List the polymorphs of SiO2. Which are the highest pressure phases? Which are the highest temperature phases that exist prior to crossing into the liquid field?
Nepheline, Albite, Silica
What are the chemical compositions and melting points of the feldspars: anorthite, albite, orthoclase?
How are tie lines useful in determining for a given system: (a) the compositions of coexisting solids andliquids, and (b) the proportions of solid and liquid?
What are the chemical compositions and melting points of forsterite, diopside, enstatite, nepheline, and quartz?In what kinds of rocks do they typically occur?
What is a xenolith?
What is a phase diagram?
What are the three stable isotopes of oxygen, and which are most useful in gleaning paleoclimate information?
What is per mil notation, and what is the conventional isotopic standard for O? …for C?
What are the three isotopes of carbon that occur naturally in Earth materials? Which is radioactive, and what isits half-life? Which isotope is preferentially taken up in biotic processes?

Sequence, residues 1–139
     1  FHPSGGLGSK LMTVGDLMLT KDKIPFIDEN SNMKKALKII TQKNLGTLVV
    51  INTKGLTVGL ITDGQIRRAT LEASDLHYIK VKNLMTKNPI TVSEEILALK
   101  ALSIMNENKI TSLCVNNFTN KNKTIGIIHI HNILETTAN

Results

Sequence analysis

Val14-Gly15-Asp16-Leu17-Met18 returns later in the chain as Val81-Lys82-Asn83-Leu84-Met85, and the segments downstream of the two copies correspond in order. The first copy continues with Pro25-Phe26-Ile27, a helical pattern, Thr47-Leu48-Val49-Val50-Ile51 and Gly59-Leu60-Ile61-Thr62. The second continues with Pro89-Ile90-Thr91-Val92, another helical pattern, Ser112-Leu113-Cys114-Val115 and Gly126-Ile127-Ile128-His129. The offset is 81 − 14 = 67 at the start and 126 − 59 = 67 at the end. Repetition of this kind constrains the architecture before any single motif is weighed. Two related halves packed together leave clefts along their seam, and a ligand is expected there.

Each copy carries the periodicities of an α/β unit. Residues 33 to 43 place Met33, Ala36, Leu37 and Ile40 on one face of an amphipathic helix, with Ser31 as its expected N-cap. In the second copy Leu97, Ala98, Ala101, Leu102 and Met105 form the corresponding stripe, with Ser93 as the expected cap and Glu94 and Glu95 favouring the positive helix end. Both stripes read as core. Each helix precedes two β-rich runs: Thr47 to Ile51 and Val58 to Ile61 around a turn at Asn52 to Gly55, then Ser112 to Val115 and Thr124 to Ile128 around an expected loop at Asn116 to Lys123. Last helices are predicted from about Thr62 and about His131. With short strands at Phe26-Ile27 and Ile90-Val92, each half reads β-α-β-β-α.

What was the Paleocene Eocene Thermal Maximum, and when did it take place (in Myr)? What commonalities does itshare with modern global warming trends?
What are the three types of radioactive decay? Define them. Sketch the particles transferred, and know thedifferences in atomic number and mass number that result.
What relationship governs radioactive decay? What is t? What is lambda?
How are the systematics of the uranium-lead decay chain useful to geochronology? What are some of theradioactive parent isotopes? What are some of the radiogenic daughter isotopes?
How are the systematics of the rubidium-strontium decay chain useful to geochronology? What is the primaryradioactive parent-radiogenic daughter pair?
What is a concordia plot? What does it mean when data fall on the concordia? What does it mean when the datafall off the concordia?